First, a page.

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Guest Veronica  Yates

Point of Order

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A parliamentarian's role is to advise the presiding officer. If the presiding officer doesn't follow the parliamentarian's advice, so be it. A parliamentarian who feels the need to raise a point of order during a meeting is a parliamentarian who needs to resign.

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2 hours ago, Guest Veronica Yates said:

Can the parliamentarian raise a "point of order" during the meeting?

As my colleagues have stated, generally, no, the parliamentarian should not "raise a point of order" during a meeting.  It the parliamentarian notices a breach of order or a violation of the rules, he should quietly advise the presiding officer of the fact. 

Question:  Is this parliamentarian a member of the society?  If not, he has no right at all to actually raise a point of order.  However, if he is a member of the society and is acting as what RONR describes as a "member parliamentarian", he does have the right, as a member, to raise a point of order but should not do so as RONR requires a member parliamentarian to give up the right to make motions, participate in debate and to vote except when the vote is by secret ballot.  The following language on page 467 addresses the restrictions on a member parliamentarian:

A member of an assembly who acts as its parliamentarian has the same duty as the presiding officer to maintain a position of impartiality, and therefore does not make motions, participate in debate, or vote on any question except in the case of a ballot vote. He does not cast a deciding vote, even if his vote would affect the result, since that would interfere with the chair's prerogative of doing so. If a member feels that he cannot properly forgo these rights in order to serve as parliamentarian, he should not accept that position. Unlike the presiding officer, the parliamentarian cannot temporarily relinquish his position in order to exercise such rights on a particular motion.

The following language form pages 466-467, which precedes the quote above, generally addresses the duties of the parliamentarian:

During a meeting the work of the parliamentarian should be limited to giving advice to the chair and, when requested, to any other member. It is also the duty of the parliamentarian—as inconspicuously as possible—to call the attention of the chair to any error in the proceedings that may affect the substantive rights of any member or may otherwise do harm. There should be an understanding between the parliamentarian and the presiding officer that there will probably be occasions when it may be essential for the chair to listen to suggestions being made by the parliamentarian, even if it means momentarily not giving full attention to others or asking the assembly to stand at ease during the consultation (see p. 82; p. 250, ll. 2–5). This practice will enable the chair to be in a position to act promptly at the correct time and be fully informed. In advising the chair, the parliamentarian should not wait until asked for advice—that may be too late. An experienced parliamentarian will often see a problem developing and be able to head it off with a few words to the chair. Only on the most involved matters should the parliamentarian actually be called upon to speak to the assembly; and the practice should be avoided if at all possible. The parliamentarian should be assigned a seat next to the chair, so as to be convenient for consultation in a low voice, but the chair should try to avoid checking with the parliamentarian too [page 467] frequently or too obviously. After the parliamentarian has expressed an opinion on a point, the chair has the duty to make the final ruling and, in doing so, has the right to follow the advice of the parliamentarian or to disregard it. But if the parliamentarian's advice on important procedural issues is habitually disregarded, he may find it necessary, at the end of the present engagement or session, to resign.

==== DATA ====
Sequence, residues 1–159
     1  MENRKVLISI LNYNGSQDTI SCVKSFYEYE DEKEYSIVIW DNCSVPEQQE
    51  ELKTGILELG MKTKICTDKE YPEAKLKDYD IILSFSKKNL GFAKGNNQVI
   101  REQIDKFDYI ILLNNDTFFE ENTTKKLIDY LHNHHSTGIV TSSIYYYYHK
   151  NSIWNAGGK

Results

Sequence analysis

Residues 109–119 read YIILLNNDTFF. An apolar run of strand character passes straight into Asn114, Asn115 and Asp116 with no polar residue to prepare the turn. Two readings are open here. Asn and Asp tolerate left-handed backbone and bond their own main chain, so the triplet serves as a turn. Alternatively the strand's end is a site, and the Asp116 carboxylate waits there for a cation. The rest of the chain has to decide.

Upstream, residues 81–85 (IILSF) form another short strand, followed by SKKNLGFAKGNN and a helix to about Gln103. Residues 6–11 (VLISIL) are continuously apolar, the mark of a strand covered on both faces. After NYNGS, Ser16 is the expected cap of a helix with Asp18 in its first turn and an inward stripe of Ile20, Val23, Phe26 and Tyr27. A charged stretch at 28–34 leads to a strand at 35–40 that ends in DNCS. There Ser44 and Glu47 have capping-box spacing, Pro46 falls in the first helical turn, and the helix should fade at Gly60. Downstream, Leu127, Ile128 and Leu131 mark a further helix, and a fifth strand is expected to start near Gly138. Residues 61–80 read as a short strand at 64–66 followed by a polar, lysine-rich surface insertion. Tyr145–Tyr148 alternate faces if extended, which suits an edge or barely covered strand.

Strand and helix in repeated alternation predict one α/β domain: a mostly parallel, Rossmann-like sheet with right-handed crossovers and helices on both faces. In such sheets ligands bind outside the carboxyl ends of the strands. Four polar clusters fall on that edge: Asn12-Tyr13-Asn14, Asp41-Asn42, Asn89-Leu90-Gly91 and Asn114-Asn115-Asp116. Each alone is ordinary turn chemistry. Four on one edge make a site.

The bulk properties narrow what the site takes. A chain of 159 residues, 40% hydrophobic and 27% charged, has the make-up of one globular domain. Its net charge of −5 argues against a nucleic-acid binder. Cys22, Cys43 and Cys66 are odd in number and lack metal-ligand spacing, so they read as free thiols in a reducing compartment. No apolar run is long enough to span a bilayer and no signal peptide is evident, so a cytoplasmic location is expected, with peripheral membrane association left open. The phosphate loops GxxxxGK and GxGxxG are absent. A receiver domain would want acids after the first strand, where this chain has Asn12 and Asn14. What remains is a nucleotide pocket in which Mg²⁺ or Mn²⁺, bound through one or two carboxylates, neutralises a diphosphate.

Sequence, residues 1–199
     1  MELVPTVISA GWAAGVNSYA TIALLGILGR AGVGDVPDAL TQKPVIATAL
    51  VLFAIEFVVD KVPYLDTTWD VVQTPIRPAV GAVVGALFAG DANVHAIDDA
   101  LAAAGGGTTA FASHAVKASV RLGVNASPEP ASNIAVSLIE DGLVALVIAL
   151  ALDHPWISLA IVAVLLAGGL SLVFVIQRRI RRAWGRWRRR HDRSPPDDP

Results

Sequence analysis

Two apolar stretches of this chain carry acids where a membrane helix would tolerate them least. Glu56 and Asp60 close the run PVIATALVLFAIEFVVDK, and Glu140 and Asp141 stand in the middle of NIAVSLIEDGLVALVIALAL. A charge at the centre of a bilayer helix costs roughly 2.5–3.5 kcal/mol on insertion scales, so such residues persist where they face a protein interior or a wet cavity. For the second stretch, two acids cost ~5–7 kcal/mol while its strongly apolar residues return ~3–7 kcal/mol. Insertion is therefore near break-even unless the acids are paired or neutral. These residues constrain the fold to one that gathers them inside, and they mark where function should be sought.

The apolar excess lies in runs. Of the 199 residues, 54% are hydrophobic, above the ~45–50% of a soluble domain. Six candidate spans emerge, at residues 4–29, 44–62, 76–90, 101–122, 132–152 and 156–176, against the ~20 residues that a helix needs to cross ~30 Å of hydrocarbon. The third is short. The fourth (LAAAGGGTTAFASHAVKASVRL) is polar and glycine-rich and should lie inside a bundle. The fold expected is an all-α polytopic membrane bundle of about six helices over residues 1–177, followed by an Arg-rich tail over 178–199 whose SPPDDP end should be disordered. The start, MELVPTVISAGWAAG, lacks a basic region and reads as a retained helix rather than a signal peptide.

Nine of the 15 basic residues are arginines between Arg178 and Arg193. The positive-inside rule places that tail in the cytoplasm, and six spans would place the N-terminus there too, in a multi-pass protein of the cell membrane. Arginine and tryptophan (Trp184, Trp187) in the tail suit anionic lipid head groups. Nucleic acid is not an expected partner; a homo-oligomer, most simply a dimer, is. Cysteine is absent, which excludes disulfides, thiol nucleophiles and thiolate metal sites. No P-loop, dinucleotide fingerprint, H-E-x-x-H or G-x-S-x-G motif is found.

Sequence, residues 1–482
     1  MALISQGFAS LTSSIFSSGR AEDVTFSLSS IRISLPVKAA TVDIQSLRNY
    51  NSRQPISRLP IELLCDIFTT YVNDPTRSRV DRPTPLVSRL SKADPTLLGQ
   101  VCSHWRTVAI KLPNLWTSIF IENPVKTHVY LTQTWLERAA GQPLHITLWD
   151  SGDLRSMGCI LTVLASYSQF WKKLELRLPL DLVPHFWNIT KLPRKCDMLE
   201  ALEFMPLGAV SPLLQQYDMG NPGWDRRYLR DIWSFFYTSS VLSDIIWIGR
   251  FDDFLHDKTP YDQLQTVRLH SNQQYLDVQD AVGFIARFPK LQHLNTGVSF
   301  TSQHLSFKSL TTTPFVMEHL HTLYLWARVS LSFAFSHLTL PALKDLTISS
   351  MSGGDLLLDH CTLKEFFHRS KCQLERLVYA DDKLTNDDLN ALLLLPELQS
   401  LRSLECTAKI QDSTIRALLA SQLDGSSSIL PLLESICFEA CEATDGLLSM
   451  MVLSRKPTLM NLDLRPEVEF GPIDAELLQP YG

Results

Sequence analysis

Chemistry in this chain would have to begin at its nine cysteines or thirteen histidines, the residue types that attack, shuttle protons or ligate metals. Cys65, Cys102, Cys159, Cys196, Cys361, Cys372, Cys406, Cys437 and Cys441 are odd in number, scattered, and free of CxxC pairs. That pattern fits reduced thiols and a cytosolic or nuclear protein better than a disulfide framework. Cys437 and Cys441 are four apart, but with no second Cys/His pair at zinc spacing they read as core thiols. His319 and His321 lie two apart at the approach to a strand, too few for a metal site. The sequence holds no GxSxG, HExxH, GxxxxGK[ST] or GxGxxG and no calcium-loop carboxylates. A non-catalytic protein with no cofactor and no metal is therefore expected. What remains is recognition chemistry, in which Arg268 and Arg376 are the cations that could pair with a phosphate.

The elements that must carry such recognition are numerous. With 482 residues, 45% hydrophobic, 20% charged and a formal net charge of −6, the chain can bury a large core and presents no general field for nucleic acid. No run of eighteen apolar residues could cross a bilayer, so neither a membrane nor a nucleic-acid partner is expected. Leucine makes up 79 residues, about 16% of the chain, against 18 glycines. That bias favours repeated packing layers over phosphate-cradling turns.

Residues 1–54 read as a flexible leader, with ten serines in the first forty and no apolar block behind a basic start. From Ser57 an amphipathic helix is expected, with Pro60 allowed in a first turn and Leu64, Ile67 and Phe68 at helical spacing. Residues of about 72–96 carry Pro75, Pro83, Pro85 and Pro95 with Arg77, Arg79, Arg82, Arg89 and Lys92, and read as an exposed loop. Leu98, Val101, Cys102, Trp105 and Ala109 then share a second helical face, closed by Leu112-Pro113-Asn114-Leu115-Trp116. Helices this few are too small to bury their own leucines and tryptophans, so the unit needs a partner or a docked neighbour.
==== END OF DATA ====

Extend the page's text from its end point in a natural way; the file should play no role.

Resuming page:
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Guest Veronica, supplementing my answer above, you might also take note of this language on page 254 regarding the parliamentarian:

Before rendering his decision, the chair can consult the parliamentarian, if there is one. The chair can also request the advice of experienced members, but no one has the right to express such opinions in the meeting unless requested to do so by the chair.   (Emphasis added)